• Switch hands. If you have to talk for a while, make it a point to switch the phone from hand to hand.
  • Use a hands-free headset.
  • At the computer, make sure your elbows are not bent at more than a 90-degree angle.


Multiple text messages mean multiple repetitive thumb motions, which can cause stiff and achy thumbs — leading to a newly common repetitive stress injury known as Blackberry thumb, a form of tendonitis. Repetitive use also may aggravate any underlying arthritis.

The Fix:

Moderation is the key, says Dr. Benson. Avoid excessive use of handheld devices, most especially if you feel stiffening or soreness in your thumb. Another helpful strategy suggested by Daily Health News contributing medical editor Andrew Rubman, ND, is to soak the afflicted joint in warm water with added Epsom salts, while stretching your fingers. Hold the stretch for five seconds… then curl fingers into a fist and hold that for five seconds… then relax for five seconds. Repeat this a few times over a five-minute soak.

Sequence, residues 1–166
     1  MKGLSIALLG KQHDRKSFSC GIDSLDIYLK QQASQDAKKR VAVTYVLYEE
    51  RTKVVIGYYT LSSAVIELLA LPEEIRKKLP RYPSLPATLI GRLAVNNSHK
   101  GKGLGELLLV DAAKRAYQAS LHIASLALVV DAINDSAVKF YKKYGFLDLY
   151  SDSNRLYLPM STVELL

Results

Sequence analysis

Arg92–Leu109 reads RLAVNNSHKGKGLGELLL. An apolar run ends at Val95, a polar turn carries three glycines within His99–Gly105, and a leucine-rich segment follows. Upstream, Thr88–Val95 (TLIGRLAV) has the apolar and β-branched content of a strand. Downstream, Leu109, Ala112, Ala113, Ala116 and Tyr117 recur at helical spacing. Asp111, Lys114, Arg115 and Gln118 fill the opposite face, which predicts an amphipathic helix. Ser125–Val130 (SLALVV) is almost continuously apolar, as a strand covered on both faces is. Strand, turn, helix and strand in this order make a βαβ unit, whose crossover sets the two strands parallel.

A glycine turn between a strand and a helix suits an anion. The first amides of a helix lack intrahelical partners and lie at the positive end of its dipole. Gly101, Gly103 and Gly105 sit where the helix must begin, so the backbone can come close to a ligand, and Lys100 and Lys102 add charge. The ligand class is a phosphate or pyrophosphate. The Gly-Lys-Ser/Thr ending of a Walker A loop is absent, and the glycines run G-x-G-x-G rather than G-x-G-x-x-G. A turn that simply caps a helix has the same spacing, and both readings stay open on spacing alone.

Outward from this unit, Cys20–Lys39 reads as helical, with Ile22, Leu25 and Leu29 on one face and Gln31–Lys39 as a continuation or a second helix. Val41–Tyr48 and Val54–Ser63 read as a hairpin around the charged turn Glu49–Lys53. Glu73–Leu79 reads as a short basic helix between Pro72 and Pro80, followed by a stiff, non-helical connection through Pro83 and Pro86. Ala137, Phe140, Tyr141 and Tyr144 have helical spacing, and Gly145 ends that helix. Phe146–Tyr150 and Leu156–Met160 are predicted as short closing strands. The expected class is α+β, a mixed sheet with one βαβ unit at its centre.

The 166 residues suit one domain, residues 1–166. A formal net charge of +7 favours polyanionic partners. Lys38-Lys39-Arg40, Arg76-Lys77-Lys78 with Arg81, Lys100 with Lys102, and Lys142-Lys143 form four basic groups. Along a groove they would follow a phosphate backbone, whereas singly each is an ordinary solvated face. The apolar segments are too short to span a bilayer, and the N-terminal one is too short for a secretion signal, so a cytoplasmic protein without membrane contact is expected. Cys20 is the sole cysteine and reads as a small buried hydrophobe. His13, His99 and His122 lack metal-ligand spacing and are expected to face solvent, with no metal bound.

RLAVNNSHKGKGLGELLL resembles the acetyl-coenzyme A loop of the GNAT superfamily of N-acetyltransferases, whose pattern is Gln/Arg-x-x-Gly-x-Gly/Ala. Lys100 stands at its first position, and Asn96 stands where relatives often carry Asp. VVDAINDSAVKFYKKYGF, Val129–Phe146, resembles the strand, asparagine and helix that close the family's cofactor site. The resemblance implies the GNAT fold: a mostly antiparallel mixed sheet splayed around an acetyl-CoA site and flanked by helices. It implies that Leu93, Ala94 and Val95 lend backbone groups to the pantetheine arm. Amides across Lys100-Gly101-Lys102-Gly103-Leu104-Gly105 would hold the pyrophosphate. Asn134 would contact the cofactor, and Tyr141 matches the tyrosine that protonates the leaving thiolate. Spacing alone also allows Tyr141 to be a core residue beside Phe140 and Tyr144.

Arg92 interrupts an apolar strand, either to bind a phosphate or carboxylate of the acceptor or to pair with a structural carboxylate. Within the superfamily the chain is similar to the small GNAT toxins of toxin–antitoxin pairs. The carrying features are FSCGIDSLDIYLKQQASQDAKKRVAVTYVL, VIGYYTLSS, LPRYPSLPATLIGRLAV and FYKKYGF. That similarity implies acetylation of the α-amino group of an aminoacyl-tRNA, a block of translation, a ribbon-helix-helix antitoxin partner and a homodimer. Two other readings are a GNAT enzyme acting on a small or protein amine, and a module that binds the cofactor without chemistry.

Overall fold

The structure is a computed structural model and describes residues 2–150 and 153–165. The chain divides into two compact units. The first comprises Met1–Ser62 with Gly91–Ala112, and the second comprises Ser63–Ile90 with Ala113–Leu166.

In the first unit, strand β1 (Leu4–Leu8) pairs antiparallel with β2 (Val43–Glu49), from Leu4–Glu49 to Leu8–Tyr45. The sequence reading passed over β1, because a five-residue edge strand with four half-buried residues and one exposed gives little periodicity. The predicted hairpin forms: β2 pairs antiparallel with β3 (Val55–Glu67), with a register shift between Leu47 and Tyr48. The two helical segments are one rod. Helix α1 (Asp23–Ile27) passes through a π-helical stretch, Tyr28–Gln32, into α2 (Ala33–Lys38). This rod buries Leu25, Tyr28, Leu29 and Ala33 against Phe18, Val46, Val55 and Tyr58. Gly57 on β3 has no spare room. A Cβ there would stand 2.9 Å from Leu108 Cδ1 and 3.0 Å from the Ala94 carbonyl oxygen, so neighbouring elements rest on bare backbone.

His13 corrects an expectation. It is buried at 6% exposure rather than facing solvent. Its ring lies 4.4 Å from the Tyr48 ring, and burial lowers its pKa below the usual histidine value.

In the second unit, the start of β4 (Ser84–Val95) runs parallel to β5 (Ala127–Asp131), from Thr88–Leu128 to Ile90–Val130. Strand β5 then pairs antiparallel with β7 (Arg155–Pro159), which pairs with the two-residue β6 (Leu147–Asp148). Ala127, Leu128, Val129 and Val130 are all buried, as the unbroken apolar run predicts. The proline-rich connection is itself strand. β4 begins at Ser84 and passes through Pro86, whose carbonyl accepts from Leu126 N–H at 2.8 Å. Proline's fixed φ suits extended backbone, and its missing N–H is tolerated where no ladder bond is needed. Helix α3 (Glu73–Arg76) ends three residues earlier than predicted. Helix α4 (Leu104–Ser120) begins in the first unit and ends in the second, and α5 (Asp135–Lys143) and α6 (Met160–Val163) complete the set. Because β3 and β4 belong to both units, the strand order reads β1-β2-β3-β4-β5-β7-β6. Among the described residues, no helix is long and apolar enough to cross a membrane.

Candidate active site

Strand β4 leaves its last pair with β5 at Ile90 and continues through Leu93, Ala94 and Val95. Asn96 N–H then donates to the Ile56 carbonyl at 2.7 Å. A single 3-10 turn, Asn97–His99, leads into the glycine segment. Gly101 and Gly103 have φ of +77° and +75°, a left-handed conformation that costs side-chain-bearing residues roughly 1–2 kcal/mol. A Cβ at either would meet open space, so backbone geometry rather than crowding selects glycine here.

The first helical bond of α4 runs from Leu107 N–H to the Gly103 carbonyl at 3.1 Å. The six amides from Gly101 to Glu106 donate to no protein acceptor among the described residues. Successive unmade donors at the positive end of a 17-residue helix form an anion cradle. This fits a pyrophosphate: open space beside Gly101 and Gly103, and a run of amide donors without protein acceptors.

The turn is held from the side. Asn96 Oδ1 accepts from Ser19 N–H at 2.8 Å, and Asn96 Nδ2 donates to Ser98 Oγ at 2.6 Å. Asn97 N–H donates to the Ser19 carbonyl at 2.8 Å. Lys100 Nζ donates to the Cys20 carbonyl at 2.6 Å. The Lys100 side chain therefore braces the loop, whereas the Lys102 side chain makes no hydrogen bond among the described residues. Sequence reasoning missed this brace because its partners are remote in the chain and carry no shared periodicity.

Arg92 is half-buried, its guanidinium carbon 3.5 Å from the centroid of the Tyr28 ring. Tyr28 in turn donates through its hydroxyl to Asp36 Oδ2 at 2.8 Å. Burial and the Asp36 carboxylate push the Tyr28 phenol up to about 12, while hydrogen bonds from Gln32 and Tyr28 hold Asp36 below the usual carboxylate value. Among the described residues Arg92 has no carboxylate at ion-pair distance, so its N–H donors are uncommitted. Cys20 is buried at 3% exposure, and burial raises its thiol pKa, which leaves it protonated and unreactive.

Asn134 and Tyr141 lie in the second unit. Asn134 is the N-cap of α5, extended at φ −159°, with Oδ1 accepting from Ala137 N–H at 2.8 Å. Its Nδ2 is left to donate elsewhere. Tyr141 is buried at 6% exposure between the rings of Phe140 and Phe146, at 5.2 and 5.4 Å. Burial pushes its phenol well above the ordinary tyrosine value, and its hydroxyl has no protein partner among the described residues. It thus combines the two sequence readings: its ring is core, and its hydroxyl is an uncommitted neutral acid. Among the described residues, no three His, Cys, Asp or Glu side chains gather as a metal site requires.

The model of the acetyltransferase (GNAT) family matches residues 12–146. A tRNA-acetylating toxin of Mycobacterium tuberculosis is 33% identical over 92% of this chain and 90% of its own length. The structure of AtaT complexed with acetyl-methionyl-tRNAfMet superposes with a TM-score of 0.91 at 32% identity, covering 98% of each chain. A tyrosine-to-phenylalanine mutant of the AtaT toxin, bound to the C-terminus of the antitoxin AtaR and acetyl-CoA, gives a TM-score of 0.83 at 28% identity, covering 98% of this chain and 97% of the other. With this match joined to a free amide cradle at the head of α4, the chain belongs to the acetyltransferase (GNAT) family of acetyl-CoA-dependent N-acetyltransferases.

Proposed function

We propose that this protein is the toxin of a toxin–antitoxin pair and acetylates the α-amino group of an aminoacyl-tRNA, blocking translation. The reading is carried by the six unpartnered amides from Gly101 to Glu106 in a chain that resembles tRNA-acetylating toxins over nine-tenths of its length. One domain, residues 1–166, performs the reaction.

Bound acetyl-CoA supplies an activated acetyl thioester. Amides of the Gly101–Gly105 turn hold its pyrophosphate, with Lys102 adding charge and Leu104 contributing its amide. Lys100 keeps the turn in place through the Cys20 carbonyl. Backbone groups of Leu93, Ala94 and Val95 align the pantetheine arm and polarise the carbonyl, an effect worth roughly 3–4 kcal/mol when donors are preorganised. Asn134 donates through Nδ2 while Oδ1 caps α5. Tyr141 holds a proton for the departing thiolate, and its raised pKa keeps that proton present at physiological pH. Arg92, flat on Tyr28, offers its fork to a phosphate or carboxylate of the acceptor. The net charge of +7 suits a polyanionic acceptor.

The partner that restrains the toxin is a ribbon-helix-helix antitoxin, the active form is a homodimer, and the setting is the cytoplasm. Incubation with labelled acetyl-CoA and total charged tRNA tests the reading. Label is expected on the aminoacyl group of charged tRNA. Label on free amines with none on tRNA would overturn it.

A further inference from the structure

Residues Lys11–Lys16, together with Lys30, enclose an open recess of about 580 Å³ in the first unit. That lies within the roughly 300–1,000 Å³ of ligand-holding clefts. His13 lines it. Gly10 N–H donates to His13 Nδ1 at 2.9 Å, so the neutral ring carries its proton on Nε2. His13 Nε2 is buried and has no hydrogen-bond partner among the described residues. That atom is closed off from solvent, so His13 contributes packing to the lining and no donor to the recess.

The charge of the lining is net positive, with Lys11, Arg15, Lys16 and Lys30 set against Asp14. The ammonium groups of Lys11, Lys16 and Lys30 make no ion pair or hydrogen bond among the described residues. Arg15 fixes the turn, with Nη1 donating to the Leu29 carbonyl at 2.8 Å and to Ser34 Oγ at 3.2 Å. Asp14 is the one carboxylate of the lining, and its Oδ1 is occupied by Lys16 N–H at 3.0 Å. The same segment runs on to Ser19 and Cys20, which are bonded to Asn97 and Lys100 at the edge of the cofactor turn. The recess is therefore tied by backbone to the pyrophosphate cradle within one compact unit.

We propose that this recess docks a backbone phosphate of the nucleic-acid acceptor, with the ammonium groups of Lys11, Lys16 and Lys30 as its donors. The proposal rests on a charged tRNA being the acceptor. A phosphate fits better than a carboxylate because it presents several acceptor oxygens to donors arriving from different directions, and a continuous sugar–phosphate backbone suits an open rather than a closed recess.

The phenomenon known as “Guitar Hero wrist” was first called to the attention of the public at an awkward moment: Detroit Tigers pitcher Joel Zumaya was sidelined for three games for wrist and forearm inflammation after playing too many games of Guitar Hero. And Dr. Benson told me he regularly sees weekend Wii-warriors — people who overdo it with their new toys, spending long hours playing virtual versions of tennis, golf and baseball. These, too, are repetitive stress injuries typically diagnosed as tendonitis of the shoulder, wrist, elbow or knees (depending on the type of sports equipment you’re pretending to swing). And then there also are the lacerations, black eyes and bumps and bruises that result from overenthusiastic participation. Dr. Benson also noted that since the Wii controller is quite small and light, many participants “overswing” their arms when simulating the sport activity, because the real weight of a tennis racket, golf club or baseball bat isn’t there. As a result, this enthusiastic motion often causes injury, either when the participant strikes an object (e.g., coffee table) nearby or overstretches a shoulder or elbow from too much follow-through.